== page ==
Aeroponic Systems

Of all the methods of indoor Horticulture, Aeroponics is considered the most technical. Plants are suspended around the stem via a foam collar so as the roots of the plant are suspended in a closed environment. The roots are misted by atomised or sprayed nutrient rich solution at regular intervals, the canopy of the plant is often suspended above due to lack of plant stability from the roots.

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One of the main advantages of an Aeroponic system is the availability of Oxygen and Co2 at the rhizosphere (root zone), it was found by Soffer and Burger [Soffer et al., 1988] during their studies using a 3 tier Hydroponic system how well roots respond to a misted environment. They devised a system that allowed the ends of the roots to be submerged whilst above the roots were suspended in a misted chamber with the upper section of root provided just air. They discovered that the misted sections always showed the largest number and length of roots. Nasa have conducted many experiments with Aeroponics, this is a clear indicator of its performance, an Aeroponic system will typically use less water and less nutrient solution that other methods of Hydroponics. Nasa provided the research that determines the best size for atomised droplets in an Aeroponic system at between 5-50 micrometers. This droplet size is key to optimum performance of plants in an Aeroponic system. Pumps, misters or atomisers to produce a droplet size between 5-50 micrometers present a large initial set up cost and as such are typically only used for the most productive of crops or specimen plants.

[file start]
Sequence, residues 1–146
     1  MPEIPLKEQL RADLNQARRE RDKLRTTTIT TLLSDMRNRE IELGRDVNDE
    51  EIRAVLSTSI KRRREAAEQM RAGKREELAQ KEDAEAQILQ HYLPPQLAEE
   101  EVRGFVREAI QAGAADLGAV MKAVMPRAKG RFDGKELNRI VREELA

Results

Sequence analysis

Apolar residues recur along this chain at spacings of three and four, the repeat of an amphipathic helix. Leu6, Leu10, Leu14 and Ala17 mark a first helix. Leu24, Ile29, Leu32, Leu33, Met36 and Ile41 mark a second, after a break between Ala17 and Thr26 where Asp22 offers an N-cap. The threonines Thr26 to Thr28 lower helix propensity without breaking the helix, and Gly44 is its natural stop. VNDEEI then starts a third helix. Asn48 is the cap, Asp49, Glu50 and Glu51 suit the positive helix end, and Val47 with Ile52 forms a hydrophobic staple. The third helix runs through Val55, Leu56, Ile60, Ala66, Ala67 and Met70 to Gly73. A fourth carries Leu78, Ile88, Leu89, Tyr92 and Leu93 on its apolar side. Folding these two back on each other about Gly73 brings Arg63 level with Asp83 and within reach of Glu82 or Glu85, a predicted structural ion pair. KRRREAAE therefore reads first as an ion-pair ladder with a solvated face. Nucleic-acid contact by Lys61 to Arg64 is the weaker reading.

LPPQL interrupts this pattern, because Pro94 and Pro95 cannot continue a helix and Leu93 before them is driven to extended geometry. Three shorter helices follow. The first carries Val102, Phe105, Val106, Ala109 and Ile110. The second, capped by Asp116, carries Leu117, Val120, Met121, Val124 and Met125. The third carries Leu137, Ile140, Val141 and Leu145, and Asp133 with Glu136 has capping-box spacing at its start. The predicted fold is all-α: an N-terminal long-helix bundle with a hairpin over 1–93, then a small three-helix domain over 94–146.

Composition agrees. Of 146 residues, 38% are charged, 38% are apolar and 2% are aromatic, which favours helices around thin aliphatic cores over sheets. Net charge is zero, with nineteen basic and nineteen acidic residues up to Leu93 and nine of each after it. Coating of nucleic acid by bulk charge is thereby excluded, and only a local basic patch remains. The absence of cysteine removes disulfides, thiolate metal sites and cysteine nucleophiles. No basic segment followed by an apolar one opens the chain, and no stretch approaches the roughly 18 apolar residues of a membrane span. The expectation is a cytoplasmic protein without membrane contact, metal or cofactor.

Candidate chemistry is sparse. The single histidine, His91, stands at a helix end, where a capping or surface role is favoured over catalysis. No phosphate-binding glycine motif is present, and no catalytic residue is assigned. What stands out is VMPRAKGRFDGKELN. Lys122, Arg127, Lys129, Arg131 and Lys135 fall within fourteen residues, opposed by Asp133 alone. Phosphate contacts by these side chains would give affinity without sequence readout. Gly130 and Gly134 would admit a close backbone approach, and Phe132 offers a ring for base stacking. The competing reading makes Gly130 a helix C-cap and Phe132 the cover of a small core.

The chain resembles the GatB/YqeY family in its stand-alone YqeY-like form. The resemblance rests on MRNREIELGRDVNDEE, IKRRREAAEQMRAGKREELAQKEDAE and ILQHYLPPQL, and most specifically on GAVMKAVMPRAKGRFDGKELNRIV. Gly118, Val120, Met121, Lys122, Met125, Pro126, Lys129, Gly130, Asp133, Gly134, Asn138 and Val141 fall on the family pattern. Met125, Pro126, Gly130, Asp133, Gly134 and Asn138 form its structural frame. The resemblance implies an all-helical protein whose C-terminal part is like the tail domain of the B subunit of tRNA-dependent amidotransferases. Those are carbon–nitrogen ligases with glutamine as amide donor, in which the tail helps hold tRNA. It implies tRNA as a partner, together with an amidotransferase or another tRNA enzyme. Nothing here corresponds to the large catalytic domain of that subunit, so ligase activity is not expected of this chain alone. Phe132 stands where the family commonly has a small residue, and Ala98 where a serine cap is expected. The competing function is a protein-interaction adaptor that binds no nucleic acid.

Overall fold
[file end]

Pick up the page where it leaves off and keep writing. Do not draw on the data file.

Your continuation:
Progrow supply systems that utilise the Aeroponic method from General Hydroponics Europe and Nutriculture, both manufacturers employ different methods of nutrient solution delivery. General Hydroponics Europe excellent Aeroflo systems utilise high pressure pumps to inject water into a channel at the root zone, the depth of the water at the root zone can be adjusted as the plants grow. This provides a steady ‘streamʼ of super oxygenated nutrient solution at the rhizosphere, the result is incredibly fast vigorous plant growth. Nutricultureʼs Amazon system pumps nutrient solution from the reservoir tank to spray heads that permanently mist the roots in the chamber, excess is then drained back into the reservoir tank. Progrow recommends the use of Aeroponic propagators with these systems as it simply makes transplanting that much easier. The lack of growth media is a distinct advantage of Aeroponics over soilless media methods of Hydroponics, aeroponic cuttings are typically placed in a neoprene collar which fit into mesh pots with the roots suspended below the mesh pot, alternatively a small amount of clay pebble is used in a 1 inch mesh pot. Once cuttings have rooted they can be very simply transplanted to the Aeroponic system. Aeroponic systems remain typically disease free because pathogens find such oxygen rich environments difficult to colonise, this enables high numbers of plants to be grown together, or sea of green method. Should a plant become diseased in an Aeroponic system it is easily removed without disrupting or affecting other plants in the system. Aeroponics presents very few disadvantages although they must be listed as a tendency for drippers or emitters to block, easily rectified by good management and also having spares on hand. Due to the exposure of the roots a failure of the system whether pump or blockage can mean a crop loss very quickly, this can also be rectified by the use of a backup pump or alternative watering supply should a failure occur.

As with all indoor Horticulture the cleaner and more sterile your grow room the less chance of your plants being affected by disease pathogens, regular monitoring of the nutrient solution and regular tank changes in re-circulating systems are incredibly important to the health of plants in an Aeroponic systems.